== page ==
|C18||277 (71.2)*||0.084 (0.08)||0.21 (0.18)||0.30 (0.26)||1.57 (0.80)||0.085 (0.06)|
|CG||587 (75.8)*||0.085 (0.10)||0.22 (0.23)||0.31 (0.33)||1.62 (0.82)||0.083 (0.05)|
Table 5. Intention-to-treat comparisons of gestation length in the six treatment groups and the control groups. The analysis was restricted to only women with estimated intake of n-3 fatty acids < 0.15 g per day (FFQ, week 25)
|Group||n||Mean gestational age||SD||P value*||HR||95% CI||P value**|
|CG||203||281.1||10.9|| ||1.00|| |
|Intention to treat|
Eighty-one percent of the participants (equally distributed in the treatment groups) fulfilled and returned the questionnaire about compliance. The women who had given birth before or at expected date of delivery stopped taking the capsules on average 12 days before delivery.
Ratios of erythrocyte EPA + DHA to AA in groups 01, 03, 07 and 14 were compared with group 28. The women in group 28 had significantly higher EPA + DHA/AA ratio in erythrocytes than the women in groups 01, 03, 07 and C18, while no difference was detected between groups 28 and 14 (6Table 6). No linear association was detected between the EPA + DHA/AA ratio and the length of gestation (data not shown).
Table 6. Level of EPA, DHA and AA in erythrocyte phospholipids assessed in a subsample of women in the six treatment groups. All intervention groups were compared with group 28
|Group||n||EPA||DHA||EPA + DHA||AA||Ratio (EPA + DHA)/AA||P value*|
|Mean (SD)||Mean (SD)||Mean (SD)||Mean (SD)||Mean (SD)|
|01||9||0.46 (0.21)||4.70 (0.96)||5.16 (1.06)||10.09 (0.94)||0.51 (0.08)||>0.001|
|03||9||0.43 (0.17)||4.27 (0.80)||4.55 (0.72)||9.16 (1.20)||0.52 (0.10)||>0.001|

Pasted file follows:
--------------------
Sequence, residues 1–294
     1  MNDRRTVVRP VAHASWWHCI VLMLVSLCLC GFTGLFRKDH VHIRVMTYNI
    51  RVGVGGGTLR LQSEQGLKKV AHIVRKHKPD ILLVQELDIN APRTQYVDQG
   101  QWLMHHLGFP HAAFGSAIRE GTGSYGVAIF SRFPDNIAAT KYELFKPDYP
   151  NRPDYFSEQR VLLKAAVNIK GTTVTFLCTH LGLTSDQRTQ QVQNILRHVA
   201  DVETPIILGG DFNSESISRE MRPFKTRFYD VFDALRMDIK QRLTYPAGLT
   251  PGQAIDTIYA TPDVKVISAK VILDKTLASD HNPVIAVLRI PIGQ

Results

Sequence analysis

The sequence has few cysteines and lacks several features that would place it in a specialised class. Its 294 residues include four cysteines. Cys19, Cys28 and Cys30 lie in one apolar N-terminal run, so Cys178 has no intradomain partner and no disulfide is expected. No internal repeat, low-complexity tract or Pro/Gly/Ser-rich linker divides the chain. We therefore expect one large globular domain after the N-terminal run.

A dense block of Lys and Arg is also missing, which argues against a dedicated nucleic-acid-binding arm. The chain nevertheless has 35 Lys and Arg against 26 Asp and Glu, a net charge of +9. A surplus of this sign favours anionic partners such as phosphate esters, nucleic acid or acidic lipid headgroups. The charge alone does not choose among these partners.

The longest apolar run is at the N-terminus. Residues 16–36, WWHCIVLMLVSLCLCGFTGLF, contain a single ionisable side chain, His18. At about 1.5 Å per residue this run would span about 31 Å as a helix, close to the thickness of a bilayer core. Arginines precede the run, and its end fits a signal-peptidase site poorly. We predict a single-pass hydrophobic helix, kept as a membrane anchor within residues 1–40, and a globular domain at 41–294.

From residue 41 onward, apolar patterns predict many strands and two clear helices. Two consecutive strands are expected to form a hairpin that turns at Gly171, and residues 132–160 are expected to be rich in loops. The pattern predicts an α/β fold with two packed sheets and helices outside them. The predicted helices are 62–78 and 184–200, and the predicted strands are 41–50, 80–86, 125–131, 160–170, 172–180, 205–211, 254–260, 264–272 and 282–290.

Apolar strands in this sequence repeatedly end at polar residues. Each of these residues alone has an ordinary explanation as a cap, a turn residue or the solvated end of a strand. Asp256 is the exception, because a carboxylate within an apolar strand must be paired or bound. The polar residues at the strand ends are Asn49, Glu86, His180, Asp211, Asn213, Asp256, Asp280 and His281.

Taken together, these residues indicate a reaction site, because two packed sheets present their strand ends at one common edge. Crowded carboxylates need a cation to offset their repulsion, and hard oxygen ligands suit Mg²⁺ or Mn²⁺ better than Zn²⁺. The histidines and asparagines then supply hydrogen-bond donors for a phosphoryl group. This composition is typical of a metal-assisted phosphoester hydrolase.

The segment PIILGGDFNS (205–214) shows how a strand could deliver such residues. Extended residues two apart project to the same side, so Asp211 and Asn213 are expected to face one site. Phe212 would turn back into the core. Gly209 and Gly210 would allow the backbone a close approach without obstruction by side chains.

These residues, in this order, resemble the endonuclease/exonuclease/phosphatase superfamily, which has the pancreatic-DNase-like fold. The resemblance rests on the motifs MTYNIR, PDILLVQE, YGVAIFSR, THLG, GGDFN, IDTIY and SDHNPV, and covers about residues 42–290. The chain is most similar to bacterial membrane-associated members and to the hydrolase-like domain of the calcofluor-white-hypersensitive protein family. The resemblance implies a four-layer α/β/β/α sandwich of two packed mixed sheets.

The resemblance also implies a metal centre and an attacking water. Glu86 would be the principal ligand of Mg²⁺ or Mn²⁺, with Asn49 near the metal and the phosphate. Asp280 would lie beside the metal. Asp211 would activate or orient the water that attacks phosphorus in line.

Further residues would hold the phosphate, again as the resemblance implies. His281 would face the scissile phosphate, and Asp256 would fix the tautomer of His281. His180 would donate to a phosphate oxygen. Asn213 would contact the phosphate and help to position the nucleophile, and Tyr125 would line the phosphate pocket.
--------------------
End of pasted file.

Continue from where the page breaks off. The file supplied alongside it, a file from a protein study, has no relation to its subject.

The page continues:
|07||16||0.68 (0.19)||4.95 (1.02)||5.63 (1.18)||9.40 (1.46)||0.60 (0.09)||0.003|
|14||12||1.16 (0.35)||5.82 (1.34)||6.99 (1.58)||9.31 (1.88)||0.75 (0.07)||0.409|
|28||4||1.11 (0.11)||5.66 (0.83)||6.76 (0.92)||8.51 (0.64)||0.79 (0.08)||—|
|C18||13||0.48 (0.23)||4.06 (0.84)||4.53 (0.99)||9.35 (0.93)||0.49 (0.09)||>0.001|
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Contrary to our expectation, we did not find any effect of fish oil or flax oil supplementation on timing of spontaneous delivery.
The strengths of the study were its large size and its design. We had the opportunity to select a large group of women based on their fish intake assessed in the first trimester. Moreover, we had access to a number of potential confounders collected routinely as a part of DNBC, some of which were included in the stratified block-wise randomisation. The data on birth outcome are regarded as unbiased since data were obtained from the National Patient Registry on birth outcome. Use of fish oil supplements (as well as other supplements) throughout pregnancy was assessed, which enabled us to make sure that the women were not taking other fish oil supplements than the ones we provided. The women were recruited from the entire country of Denmark. Risk of contamination bias across the treatment groups (cointervention bias) and in the control group was regarded as negligible as women allocated to one treatment were unlikely to know about treatment in the other groups. This justified having a control group that did not receive a placebo. Since no control treatment was introduced, there was no possibility of a shortening effect on length of gestation of the placebo, a principal possibility discussed in relation to one earlier trial in the field, where significantly shorter gestation durations were detected in women receiving olive oil capsules compared with women receiving fish oil capsules.9
A weakness compared with some of the earlier trials that showed an effect,8,9 where women were recruited by face-to-face meetings and contact with the participants was kept through repeated meetings, was that we had no personal contact with the women, thereby only limited opportunities to encourage the women to take the capsules.